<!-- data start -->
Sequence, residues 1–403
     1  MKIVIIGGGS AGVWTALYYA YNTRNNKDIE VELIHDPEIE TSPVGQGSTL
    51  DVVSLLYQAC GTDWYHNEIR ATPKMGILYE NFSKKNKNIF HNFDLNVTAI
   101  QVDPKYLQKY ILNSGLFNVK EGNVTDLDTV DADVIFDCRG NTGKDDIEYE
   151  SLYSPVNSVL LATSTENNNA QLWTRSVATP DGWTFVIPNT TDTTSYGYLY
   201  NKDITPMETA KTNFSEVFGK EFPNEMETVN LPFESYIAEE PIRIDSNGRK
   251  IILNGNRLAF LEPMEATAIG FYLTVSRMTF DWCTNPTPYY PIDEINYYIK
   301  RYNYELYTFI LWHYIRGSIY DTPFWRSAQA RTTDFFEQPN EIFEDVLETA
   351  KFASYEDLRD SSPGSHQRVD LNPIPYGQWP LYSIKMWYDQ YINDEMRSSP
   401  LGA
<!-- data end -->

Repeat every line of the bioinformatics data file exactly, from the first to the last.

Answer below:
Sequence, residues 1–403
     1  MKIVIIGGGS AGVWTALYYA YNTRNNKDIE VELIHDPEIE TSPVGQGSTL
    51  DVVSLLYQAC GTDWYHNEIR ATPKMGILYE NFSKKNKNIF HNFDLNVTAI
   101  QVDPKYLQKY ILNSGLFNVK EGNVTDLDTV DADVIFDCRG NTGKDDIEYE
   151  SLYSPVNSVL LATSTENNNA QLWTRSVATP DGWTFVIPNT TDTTSYGYLY
   201  NKDITPMETA KTNFSEVFGK EFPNEMETVN LPFESYIAEE PIRIDSNGRK
   251  IILNGNRLAF LEPMEATAIG FYLTVSRMTF DWCTNPTPYY PIDEINYYIK
   301  RYNYELYTFI LWHYIRGSIY DTPFWRSAQA RTTDFFEQPN EIFEDVLETA
   351  KFASYEDLRD SSPGSHQRVD LNPIPYGQWP LYSIKMWYDQ YINDEMRSSP
   401  LGA